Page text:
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Letter: Partisan push jeopardizes judiciary

I never thought that a state legislature would purposefully attempt to obstruct the fundamental principles of American democracy, but this is exactly what the N.C. General Assembly has done with HB 100.

Part of a series of bills that makes North Carolina’s judiciary more partisan, HB 100 is clearly not in our state’s interest. Legislators have put partisan politics before the citizens of the state. It is sickening that this momentum has extended to what should be our most unbiased and nonpartisan branch.

I will highlight two of the larger points in hopes to inspire activism from everyone who reads this letter.

Firstly, it is no secret that many people vote solely by party affiliation. This is no means of electing officials, but it is certainly no way to elect judges. Judges interpret the laws and should be chosen on pure legal merit, not political influence.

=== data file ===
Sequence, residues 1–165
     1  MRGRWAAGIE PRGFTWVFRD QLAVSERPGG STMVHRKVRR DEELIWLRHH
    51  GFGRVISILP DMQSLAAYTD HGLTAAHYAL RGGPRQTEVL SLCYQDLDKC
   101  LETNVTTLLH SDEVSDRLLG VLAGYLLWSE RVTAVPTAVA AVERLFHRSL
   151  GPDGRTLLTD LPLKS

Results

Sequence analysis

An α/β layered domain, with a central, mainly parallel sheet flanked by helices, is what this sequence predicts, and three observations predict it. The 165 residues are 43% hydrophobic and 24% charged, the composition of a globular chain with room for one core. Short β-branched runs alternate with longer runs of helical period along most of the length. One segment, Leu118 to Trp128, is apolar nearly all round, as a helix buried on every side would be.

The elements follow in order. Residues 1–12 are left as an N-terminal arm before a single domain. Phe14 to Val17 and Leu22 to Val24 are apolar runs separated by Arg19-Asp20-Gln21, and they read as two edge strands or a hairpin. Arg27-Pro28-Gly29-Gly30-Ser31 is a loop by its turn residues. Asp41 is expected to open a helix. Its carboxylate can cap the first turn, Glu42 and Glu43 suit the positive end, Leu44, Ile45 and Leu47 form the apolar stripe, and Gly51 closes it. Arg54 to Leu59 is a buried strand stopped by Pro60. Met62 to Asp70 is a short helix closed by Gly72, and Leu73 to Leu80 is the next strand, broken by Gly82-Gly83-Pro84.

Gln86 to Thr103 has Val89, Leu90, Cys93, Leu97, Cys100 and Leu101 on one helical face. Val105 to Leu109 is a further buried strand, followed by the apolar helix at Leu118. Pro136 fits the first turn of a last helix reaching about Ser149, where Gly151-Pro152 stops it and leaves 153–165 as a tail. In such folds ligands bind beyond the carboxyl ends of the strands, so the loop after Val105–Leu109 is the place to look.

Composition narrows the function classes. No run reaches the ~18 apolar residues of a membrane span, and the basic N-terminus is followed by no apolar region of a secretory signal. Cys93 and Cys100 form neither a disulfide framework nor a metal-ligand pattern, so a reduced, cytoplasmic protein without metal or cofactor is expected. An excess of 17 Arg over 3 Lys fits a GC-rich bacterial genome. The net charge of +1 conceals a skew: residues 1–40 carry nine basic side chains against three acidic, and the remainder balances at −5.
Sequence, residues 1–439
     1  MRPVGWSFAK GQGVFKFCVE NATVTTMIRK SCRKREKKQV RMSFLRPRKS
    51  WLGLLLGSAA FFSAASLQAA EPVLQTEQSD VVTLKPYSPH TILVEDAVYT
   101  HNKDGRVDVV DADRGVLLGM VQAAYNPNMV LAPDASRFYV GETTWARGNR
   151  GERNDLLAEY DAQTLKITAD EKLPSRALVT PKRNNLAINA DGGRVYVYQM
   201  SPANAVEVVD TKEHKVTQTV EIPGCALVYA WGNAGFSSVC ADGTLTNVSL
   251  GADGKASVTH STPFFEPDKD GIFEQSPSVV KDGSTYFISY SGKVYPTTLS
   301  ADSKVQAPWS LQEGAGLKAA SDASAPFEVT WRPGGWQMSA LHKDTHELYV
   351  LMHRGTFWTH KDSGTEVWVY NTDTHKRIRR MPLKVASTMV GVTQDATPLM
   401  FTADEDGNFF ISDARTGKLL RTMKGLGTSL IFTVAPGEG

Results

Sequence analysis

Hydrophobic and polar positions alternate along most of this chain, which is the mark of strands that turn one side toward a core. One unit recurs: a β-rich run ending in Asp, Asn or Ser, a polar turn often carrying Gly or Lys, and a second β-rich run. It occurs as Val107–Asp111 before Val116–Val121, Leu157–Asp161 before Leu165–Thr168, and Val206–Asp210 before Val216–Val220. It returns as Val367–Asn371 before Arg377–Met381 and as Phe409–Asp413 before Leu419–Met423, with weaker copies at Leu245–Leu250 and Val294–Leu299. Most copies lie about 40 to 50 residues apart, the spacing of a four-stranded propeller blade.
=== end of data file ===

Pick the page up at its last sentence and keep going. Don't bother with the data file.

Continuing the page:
The second, and nearly as troubling, issue with this horrendous piece of legislation is the extra, intentional hurdle for unaffiliated judiciary candidates to run for office in this state. Democrat or Republican candidates only need to pay the filing fee and start campaigning; however, to run unaffiliated in our state in any court, one would need to get at least 2 percent of an electorate to sign a petition in order to get on the ballot. A Pew Research Center poll found that 17 percent of North Carolinians, about 1.7 million, are registered unaffiliated.

It is well past due that our legislators stopped putting political affiliation before the values of our democracy. In this latest attempt to dismantle protections against political corruption, I am reminded of Former Supreme Court Justice O’Connor’s warning to keep judges from becoming “politicians in robes.”

Our democracy depends on active citizenship. It is time that we take our state back.

— Tarik Woods

Chapel Hill

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